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in those days which was not a huge thing and she wore a rubber bathing suit. i'll never forgot. something to die for. i've always like attractive girls. i was at a holiday dance and here was this beautiful girl. she was the life of the party and dancing and smiling. i said who is that? they said that is barbara pierce from rye. i somehow got up my nerve to ask her to dance and they started playing a waltz. i said i can't waltz. i saturday down and we chatted. i called her the next day and took her out. her father was a very successful publisher for a corporation. i don't think the mother liked me very much. but the father did, which was important. and barbara did, which was most important.
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i was at phillips economy andover my last year there. we had been to the chapel at a service and came out of the chapel and walking across the campus there when somebody said, "pearl harbor has been bombed." >> the japanese have attacked pearl harbor, hawaii, by air. the president roosevelt has just announced -- >> yesterday, the december 7th, 1941, a date which will live in infamy. >> i was ignorant little guy and i didn't know much about what that really meant, but our
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country was at war. i mean, it had been building up that something might happen, but nothing like this. and i remember the first assembly the next day, we were all trooped in and slouched into the assembly hall there, the whole school. the mastery was a tough guy. you play attention. during the star-spangled banner, i don't want to see you slouching around. today, when i see people, even reporters and people like that out there at the white house slouching when they play the spar spangled banner, i say, too bad dr. feast couldn't get a hold of them. i remember meeting the villain years later. i couldn't believe this little guy with kind of a guy you might see him going around with a butterfly net, a dainty little fellow, and he was the epitome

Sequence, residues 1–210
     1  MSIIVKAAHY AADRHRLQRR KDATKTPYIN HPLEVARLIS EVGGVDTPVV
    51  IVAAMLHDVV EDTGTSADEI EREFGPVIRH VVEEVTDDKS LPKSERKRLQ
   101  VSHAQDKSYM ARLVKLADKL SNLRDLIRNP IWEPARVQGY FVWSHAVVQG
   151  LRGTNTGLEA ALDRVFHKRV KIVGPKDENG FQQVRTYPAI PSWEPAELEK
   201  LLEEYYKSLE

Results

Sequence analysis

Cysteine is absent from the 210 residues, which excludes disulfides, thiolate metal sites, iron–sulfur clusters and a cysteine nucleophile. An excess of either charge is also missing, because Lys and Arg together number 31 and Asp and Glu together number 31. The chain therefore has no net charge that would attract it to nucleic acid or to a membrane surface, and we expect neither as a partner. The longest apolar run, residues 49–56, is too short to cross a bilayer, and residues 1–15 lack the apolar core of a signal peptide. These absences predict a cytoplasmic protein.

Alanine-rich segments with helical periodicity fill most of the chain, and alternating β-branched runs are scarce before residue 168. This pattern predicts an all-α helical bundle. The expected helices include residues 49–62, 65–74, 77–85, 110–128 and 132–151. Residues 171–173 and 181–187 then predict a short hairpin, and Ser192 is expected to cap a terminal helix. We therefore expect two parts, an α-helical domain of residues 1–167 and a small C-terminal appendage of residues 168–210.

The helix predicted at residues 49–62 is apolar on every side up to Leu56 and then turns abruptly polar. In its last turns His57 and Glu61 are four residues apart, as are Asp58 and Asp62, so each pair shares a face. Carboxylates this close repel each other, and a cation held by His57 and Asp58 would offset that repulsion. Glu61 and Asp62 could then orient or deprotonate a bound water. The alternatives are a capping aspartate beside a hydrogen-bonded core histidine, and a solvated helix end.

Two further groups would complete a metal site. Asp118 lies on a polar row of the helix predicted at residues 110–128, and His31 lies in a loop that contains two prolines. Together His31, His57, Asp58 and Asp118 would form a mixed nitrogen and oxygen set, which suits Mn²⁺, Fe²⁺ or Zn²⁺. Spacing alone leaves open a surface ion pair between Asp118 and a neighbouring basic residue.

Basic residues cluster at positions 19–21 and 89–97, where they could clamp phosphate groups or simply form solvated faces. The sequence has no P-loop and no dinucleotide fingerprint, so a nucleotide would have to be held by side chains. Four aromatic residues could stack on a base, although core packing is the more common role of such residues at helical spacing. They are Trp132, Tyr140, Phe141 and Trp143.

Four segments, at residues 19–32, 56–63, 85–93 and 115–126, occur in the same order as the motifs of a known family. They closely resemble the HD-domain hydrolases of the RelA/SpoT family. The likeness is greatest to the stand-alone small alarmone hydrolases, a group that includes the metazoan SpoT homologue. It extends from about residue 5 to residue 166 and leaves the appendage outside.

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of all evil so we were going to get him. i think everybody wanted to participate. very, very few people tried to avoid the draft. >> we are now in this war. we are all in. all the way the most tremendous undertaking of our american history. >> and like most people in the country, i wanted to -- i wanted to participate. i wanted to go fight for my country and i decided that i wanted to go into the naval aviation, and so i signed up, took the oath of office on my 18th birthday, was sworn in as seaman second class and two months later, i was in the preflight school. a few months later, i was
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commissioned an incident in the navy. my father took me down to pennsylvania station in new york, a great big guy, put his arm around me. first time i ever saw him shed a tear. but dad was there, you know, offering me his full support by i think he was a little shook up. he had been in the field artillery and been to france and under fire, so i guess he knew a little bit of what combat was like. maybe a lot. although he never talked about it, nor do we, nor do i, you know, when i came back. i didn't know one single person on this train. i was probably the youngest guy other. i went -- i wasn't petrified. i didn't want out. i wasn't looking how do i get out of this outfit. that was all modified about our country, about the need to do something, to be a part of something huge. and so it was -- it was fast track. we had to move fast because they needed pilots pretty bad.